Autoimmune Thyroiditis and Iodine Therapy


The incidence of Hashimoto’s thyroiditis, also referred to as goitrous autoimmune thyroiditis, is estimated to be equivalent to that of Grave’s disease. Although first discovered one hundred years ago, the pathophysiology of this disease has not yet been completely defined. Patients present with varying degrees of symptoms and may present euthyroid. Studies have found associations between genetic predisposition, environmental factors and co-occurrence of other autoimmune disorders within patients with autoimmune thyroiditis. This has further impeded advances to clearly define the mechanisms associated with autoimmune thyroiditis as there are a number of potential confounding factors which are not shared by all patients. Concern has been raised suggesting that iodination of salt led to the emergence or increase in prevalence of autoimmune thyroiditis. In regions where chronic excess consumption of iodine occurs, studies have not found an association between iodine intake and prevalence of this disorder. Furthermore, autoimmune thyroiditis patients with low thyroid levels of iodine are at risk of developing hypothyroidism. Therefore iodine therapy is indicated in patients with autoimmune thyroiditis to preserve normal function of the thyroid, unless the patient has goiter. Patients receiving iodine therapy must be monitored closely to ensure the condition does not exacerbate.


These are opinion articles written by clinicians who have had successful clinical experience. Although the protocols discussed are not derived from double-blind studies the articles offer clinicians valuable practical clinical skills that can be helpful in treating their patients effectively.

In 1912, pathologist H. Hashimoto published in a German medical journal his histological findings from four thyroid glands out of 5000 removed during surgery, which consisted of: numerous lymphoid follicles; extensive connective tissue formation; diffuse round cell infiltration; and significant changes of the acinar epithelium. He called this pathology of the thyroid “struma lymphomatosa”, but it became popularly known as “Hashimoto thyroiditis”. At the time of Hashimoto’s publication, autoimmune thyroiditis (AIT) was not observed in the US population until the iodization of salt. Hashimoto’s thyroiditis is now classified as goitrous AIT because the gland is enlarged, in distinction to atrophic AIT where atrophy and fibrosis are predominant. Both conditions are chronic, progressing over time to hypothyroidism in a significant percentage of patients. An ultrasound of the thyroid may be helpful to differentiate between the two. Other forms of AIT include: chronic AIT, silent thyroiditis and postpartum thyroiditis (usually associated with selenium insufficiency), cytokine-induced thyroiditis (as seen in cancer patients on cytokine chemotherapy), and viral-induced thyroiditis.

In several communities worldwide, increased incidence of AIT was reported following implementation of iodization of sodium chloride. In areas of the US where this relationship has been studied, mainly in the Great Lakes Region, a similar trend was reported. Weaver et al. reported that thyroid glands excised prior to efforts to prevent iodine deficiency were void of lymphocytes in the parenchyma and also noted an absence of thyroiditis during this period. After the introduction of iodized salt in 1924, thyroid glands with nodular colloid goiters with dense lymphocytic infiltrates were isolated.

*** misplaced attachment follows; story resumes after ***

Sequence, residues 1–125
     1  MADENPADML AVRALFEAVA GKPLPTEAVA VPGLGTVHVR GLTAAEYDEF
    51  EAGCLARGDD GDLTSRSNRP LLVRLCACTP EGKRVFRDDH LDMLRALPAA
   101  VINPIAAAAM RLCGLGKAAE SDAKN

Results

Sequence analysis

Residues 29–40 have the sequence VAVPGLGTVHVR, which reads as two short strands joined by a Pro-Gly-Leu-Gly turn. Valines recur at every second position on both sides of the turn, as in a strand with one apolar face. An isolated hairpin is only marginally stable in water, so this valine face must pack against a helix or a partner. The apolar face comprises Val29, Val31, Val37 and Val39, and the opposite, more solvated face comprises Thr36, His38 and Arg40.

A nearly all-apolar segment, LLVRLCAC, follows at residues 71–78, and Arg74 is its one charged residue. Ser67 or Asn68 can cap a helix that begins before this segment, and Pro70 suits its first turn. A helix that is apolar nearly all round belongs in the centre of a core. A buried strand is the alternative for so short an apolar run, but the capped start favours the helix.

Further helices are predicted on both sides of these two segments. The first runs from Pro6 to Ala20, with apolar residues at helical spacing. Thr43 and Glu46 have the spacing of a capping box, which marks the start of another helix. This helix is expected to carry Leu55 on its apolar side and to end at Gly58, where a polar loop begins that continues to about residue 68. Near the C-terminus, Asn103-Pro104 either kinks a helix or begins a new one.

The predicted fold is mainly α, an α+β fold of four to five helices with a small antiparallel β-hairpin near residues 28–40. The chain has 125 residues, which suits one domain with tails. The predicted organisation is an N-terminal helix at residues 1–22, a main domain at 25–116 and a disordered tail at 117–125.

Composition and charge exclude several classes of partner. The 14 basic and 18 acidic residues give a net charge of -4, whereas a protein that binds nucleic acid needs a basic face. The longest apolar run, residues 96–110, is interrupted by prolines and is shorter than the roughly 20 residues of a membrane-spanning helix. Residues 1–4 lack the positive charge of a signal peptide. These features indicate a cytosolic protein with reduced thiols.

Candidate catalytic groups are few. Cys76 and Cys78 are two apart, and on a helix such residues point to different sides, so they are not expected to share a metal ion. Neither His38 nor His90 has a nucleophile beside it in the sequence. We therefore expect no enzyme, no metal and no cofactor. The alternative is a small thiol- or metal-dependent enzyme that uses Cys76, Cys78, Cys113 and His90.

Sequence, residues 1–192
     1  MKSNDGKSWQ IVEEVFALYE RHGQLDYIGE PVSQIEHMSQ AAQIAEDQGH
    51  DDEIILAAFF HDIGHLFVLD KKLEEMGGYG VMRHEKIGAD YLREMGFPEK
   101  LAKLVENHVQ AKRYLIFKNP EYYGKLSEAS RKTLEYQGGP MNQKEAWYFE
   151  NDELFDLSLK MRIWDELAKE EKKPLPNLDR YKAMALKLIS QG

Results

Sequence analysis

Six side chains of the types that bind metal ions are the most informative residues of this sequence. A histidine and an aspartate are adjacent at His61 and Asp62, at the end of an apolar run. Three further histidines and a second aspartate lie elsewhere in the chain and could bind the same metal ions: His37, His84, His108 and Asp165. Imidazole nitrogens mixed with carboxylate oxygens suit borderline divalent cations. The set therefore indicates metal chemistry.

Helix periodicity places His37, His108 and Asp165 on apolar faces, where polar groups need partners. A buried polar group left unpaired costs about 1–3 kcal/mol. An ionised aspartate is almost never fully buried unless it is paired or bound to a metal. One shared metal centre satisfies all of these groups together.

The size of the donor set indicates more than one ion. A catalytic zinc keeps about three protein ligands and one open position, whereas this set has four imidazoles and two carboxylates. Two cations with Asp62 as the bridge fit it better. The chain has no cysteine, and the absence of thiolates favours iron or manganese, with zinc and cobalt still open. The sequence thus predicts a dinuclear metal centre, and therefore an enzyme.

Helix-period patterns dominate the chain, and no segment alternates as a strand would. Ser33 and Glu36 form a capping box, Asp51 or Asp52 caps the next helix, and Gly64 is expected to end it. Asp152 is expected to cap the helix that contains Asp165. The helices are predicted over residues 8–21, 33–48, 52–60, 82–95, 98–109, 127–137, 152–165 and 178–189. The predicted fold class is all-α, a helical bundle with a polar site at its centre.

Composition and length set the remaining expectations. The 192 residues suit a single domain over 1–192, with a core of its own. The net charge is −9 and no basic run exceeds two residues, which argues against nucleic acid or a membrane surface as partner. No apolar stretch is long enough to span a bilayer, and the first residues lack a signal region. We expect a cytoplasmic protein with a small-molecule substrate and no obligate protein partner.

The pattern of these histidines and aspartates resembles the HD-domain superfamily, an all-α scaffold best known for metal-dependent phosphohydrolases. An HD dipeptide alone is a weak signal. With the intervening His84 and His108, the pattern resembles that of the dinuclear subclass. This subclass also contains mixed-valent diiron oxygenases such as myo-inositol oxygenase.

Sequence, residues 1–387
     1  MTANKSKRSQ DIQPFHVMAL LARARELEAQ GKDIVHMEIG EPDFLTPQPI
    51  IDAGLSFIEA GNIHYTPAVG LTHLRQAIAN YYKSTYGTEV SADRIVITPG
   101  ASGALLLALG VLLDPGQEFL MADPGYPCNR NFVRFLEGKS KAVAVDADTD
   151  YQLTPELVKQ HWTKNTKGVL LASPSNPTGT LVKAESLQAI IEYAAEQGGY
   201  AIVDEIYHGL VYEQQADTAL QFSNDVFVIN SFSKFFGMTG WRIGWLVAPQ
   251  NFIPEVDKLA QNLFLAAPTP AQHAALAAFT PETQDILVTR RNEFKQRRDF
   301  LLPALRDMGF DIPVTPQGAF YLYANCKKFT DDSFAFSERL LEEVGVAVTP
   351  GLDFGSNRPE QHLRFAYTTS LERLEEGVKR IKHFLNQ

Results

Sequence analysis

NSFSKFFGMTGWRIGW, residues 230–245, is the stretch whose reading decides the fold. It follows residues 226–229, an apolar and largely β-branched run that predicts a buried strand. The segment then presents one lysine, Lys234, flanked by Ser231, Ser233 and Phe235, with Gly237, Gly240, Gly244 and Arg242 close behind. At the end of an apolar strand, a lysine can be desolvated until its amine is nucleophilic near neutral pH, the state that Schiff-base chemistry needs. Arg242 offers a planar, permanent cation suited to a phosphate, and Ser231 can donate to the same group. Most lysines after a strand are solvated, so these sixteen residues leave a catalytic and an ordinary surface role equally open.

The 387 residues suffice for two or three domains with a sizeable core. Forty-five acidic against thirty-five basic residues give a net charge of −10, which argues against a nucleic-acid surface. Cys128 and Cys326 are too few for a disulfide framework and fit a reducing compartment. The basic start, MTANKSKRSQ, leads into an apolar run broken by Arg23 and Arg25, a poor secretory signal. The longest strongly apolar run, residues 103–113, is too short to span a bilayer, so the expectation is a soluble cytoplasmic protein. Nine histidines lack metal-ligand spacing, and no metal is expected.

Furszyfer et al. from the Mayo Clinic, studied the average annual incidence of Hashimoto’s thyroiditis among women of Olmsted County, Minnesota, during three consecutive periods covering 33 years of observation from 1935 to 1967. They found the incidence to be higher in women of 40 years and older than in women 39 years and younger. However, in both groups, there was a progressive increase in the incidence of Hashimoto’s thyroiditis over time. During the three periods evaluated — 1935–1944, 1945–1954, and 1955–1967 — the average annual incidence of Hashimoto’s per 100,000 population were 2.1, 17.9, and 54.1, respectively, for women up to 39 years old. For women who were 40 years and older, the average annual incidence over the same three periods were 16.4, 27.4, and 94.1, respectively.

It is important to point out that the Mayo Clinic study started 10–15 years after implementation of iodization of salt in the area. Therefore, even during the first decade of observation, the prevalence of AIT was already significant. Again, it must be emphasized that prior to the implementation of iodized salt, as observed by Weaver et al. this pathology of the thyroid gland was not reported in the US, even though Lugol solution and potassium iodide were used extensively in medical practice at that time in daily amounts two orders of magnitude greater than the average intake of iodide from table salt.This suggests that inadequate iodide intake aggravated by goitrogens, not excess iodide, was the cause of this condition.

It is estimated that that the incidence of Hashimoto’s thyroiditis is approximately equal to that of Grave’s disease (0.3–1.5 cases per 1,000 population per year) and occurs with a frequency that is 15–20% greater in women than men. Although most prevalent between the ages of 30 to 50 years, thyroiditis may be seen in any age group including children.